One Paragraph Movie Review: Hiroshima Mon Amour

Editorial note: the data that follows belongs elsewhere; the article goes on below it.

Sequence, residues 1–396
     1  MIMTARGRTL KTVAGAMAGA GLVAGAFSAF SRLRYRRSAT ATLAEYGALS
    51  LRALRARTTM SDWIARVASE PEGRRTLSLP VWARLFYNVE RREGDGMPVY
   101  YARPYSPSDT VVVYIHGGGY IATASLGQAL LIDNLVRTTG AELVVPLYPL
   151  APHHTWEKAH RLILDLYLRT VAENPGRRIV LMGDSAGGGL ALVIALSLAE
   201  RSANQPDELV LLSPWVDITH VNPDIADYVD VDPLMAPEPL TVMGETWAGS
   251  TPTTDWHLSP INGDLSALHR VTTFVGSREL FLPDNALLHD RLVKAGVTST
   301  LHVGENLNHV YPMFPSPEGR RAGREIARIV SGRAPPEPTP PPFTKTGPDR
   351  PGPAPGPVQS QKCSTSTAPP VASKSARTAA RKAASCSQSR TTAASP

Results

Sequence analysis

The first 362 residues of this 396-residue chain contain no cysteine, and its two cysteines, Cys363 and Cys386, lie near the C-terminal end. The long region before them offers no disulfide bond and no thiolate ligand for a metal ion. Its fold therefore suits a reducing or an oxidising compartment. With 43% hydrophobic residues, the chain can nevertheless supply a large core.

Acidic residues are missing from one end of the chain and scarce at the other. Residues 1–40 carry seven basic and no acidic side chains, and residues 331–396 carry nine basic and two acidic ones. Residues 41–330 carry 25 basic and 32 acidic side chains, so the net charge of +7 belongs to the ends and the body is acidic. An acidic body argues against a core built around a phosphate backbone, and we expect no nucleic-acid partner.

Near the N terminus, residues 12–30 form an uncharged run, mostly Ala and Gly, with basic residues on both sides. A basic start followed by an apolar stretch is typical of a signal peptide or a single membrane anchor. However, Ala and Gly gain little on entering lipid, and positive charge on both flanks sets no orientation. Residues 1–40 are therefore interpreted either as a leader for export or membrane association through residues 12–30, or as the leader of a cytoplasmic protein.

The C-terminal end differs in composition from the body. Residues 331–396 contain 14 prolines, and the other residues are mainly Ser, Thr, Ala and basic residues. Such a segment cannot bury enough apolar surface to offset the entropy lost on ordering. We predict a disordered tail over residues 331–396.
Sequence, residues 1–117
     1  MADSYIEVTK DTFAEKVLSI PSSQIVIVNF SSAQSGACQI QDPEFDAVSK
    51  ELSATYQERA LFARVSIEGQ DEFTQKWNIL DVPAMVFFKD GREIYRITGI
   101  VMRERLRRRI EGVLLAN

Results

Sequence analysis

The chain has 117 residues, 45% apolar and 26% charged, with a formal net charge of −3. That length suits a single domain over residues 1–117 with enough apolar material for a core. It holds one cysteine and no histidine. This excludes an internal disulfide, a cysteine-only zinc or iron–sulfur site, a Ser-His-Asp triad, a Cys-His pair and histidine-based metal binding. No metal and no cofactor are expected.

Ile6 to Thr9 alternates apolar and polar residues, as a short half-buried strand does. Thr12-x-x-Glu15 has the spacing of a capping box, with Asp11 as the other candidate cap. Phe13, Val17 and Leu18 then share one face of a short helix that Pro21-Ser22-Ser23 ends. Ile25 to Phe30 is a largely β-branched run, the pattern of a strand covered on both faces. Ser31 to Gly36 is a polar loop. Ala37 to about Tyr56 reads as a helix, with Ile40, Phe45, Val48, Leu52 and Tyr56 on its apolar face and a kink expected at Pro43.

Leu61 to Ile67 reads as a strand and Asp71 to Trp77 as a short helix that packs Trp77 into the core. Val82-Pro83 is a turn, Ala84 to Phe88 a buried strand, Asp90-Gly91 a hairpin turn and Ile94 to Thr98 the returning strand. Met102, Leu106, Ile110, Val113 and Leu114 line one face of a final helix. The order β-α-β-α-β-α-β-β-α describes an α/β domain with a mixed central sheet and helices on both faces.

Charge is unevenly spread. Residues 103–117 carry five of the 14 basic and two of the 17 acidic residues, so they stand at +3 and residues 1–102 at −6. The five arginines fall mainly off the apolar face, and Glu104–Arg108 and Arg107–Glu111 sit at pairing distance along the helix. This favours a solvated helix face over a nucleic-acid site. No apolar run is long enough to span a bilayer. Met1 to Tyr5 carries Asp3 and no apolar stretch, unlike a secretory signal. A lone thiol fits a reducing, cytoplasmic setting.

Two hundred and thirty-first film: Hiroshima Mon Amour, a 1959 French film which, on the surface, is about a French actress having an affair with a Japanese architect in Hiroshima. Deeper down though — and it is intensely, relentlessly deep — it’s about comparing a big tragedy experienced by thousands of people to a personal tragedy experienced by one, with a bit of mobius-strip timeline mixed in. Apparently the Frenchiest, newest, and waviest of the French New Wave, there’s some shocking bits, some sexy bits, some up-its-own-arse bits and some deeply poignant bits, all drenched and dripping in endless discussion and contemplation. There’s a heap of self-reflection and wallowing in the past which is not especially my bag, but still manages to be fascinating enough that I repeatedly cocked my head like a kelpie hearing opera for the first time. Leaping from real footage of gruesome post-bomb injuries to softly-lit post-coital coffee and a nod to the madness of grief quickly and brutally, this is worth a watch if you feel like ticking off some significant bits of artsy film history. You’d get something out of seeing it — a weird knot in the pit of your stomach and the urge to drink very small glasses of beer, especially — but won’t feel like you’ve missed out if you haven’t. Two and three quarter amateur village haircuts out of five.